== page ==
Or how hard it will be to get a movie made. Stu­dios, even small ones, sim­ply aren’t tak­ing the same risks on off­beat in­die films these days, par­tic­u­larly ones, like Hed­wig or Short­bus, that would at­tract a nar­row, if pas­sion­ate, au­di­ence. That wasn’t al­ways the case. Mitchell tells me that Hed­wig hap­pened only be­cause of a sur­pris­ingly open- minded stu­dio ex­ec­u­tive. In 1990, he had a small role in the teen com­edy Book of Love, di­rected by New Line Cin­ema founder and CEO Robert Shaye. “The char­ac­ter he wanted me to play was ex­tremely ho­mo­pho­bic. Pe­dophile jokes, S&M jokes… Every­thing was a joke,” Mitchell says. When Shaye asked him what he thought of the script, he didn’t hold back. “I said, ‘I’m gay, and this is of­fen­sive to me.’ That chal­lenged him—it wasn’t a time when you even thought about that. He ended up mak­ing the char­ac­ter a straight ladies’ man in­stead.

“Ten years later,” Mitchell goes on, Shaye “saw Hed­wig off-broad­way. With tears in his eyes, he said, ‘I’m go­ing to help you make this film.’ And he did. He let me di­rect a fully fi­nanced Hed­wig. He told me, ‘It’s be­cause you were straight with me… about be­ing gay.’”

Yet now, with fi­nanc­ing op­tions for smaller films dry­ing up, Mitchell feels, if any­thing, more pres­sure to tone down his ma­te­rial. “DVDS are gone, and DVDS used to be a floor [for in­de­pen­dent films],” he says. “You could sell to Block­buster and get a mil­lion dol­lars, even if the film was badly re­viewed.” Net­flix is a new av­enue for in­die film­mak­ers (it’s fi­nanc­ing at least 80 orig­i­nal films in 2018), but Mitchell finds that the stream­ing plat­form’s end­less op­tions, as well as the abil­ity to watch on de­mand, un­der­mines the sense of ur­gency that once drove in­die box of­fice. “Young peo­ple aren’t rush­ing to the small film the week it opens,” he says of what was once a way for like-minded peo­ple to share a cul­tural mo­ment.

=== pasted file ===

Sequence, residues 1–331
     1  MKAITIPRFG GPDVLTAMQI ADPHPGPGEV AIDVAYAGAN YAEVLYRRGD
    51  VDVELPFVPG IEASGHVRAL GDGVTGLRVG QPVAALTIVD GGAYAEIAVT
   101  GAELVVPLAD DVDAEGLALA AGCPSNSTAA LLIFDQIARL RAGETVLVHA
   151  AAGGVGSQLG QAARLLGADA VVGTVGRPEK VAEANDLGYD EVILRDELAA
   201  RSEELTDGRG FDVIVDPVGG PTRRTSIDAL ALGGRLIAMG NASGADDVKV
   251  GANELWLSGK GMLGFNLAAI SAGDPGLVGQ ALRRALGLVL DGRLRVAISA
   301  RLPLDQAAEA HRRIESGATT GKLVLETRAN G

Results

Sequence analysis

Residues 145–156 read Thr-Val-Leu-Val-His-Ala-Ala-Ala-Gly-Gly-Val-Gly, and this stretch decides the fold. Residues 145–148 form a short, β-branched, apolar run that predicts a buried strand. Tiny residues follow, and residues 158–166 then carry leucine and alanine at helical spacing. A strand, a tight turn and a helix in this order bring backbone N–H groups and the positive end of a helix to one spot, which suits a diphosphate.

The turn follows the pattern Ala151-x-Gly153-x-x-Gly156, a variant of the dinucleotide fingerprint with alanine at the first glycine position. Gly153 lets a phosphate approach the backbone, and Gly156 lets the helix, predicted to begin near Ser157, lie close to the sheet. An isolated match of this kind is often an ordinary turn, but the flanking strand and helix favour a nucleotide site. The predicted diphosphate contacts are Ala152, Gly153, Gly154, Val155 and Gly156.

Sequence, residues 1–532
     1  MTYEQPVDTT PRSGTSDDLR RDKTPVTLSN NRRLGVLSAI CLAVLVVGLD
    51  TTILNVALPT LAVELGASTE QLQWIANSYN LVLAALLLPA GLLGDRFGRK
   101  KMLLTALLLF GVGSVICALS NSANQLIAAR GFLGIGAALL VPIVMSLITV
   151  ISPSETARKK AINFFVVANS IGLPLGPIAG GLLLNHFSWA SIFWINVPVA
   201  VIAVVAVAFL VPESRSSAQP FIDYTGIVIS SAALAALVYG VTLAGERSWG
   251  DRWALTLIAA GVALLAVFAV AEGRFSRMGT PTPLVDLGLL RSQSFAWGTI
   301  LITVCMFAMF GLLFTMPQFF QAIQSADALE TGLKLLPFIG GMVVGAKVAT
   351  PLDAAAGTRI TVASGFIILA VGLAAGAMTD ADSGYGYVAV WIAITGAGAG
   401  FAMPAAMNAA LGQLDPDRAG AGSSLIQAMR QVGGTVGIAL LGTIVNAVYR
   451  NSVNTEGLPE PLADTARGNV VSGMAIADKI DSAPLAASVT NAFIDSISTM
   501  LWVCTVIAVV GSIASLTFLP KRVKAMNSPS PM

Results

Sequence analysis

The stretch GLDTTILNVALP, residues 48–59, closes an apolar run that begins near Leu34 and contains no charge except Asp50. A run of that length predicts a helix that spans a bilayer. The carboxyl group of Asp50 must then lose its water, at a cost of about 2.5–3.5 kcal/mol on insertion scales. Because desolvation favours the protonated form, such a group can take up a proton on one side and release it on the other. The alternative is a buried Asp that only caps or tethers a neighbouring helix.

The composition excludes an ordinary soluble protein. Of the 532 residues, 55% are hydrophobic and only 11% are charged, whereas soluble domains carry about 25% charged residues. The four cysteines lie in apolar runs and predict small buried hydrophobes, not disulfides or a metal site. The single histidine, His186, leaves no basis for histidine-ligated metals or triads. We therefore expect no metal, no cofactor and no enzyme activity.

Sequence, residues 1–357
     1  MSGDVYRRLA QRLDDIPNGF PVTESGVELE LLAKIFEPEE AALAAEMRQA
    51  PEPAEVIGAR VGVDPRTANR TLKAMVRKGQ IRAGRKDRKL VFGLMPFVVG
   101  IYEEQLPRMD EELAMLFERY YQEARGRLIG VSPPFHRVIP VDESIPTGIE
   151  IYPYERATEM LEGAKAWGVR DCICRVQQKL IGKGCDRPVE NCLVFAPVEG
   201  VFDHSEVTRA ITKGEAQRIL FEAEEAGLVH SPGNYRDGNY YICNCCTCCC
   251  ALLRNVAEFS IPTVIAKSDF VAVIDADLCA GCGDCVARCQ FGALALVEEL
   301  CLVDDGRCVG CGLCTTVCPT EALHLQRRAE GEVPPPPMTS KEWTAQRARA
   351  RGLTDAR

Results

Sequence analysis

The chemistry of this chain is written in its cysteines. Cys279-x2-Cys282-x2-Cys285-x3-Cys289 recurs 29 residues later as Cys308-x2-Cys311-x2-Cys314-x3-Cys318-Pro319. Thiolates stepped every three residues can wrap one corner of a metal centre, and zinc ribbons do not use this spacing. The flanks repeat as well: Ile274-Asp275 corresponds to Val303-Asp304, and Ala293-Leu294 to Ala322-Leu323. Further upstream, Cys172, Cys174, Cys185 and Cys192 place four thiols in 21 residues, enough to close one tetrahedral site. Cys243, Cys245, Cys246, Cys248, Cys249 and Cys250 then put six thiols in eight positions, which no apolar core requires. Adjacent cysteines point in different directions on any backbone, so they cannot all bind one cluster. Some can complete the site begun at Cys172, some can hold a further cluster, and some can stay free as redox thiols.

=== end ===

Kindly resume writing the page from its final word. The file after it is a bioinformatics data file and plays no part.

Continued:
Mitchell has di­rected one main­stream movie, Rab­bit Hole, a 2010 adap­ta­tion of David Lind­say-abare’s play about a fam­ily griev­ing over the loss of a child. It starred Ni­cole Kid­man, who re­ceived an Os­car nom­i­na­tion for her role. They are united again in Mitchell’s new film, which he co-wrote, How to Talk to Girls at Par­ties, open­ing May 25 (af­ter de­but­ing at Cannes last year). Loosely based on Neil Gaiman’s short story of the same name, it fea­tures Alex Sharp as a ’70s Bri­tish punk teenager who falls in love with an Earth-tour­ing alien, played by Elle Fan­ning; Kid­man is a ra­zor-sharp band man­ager.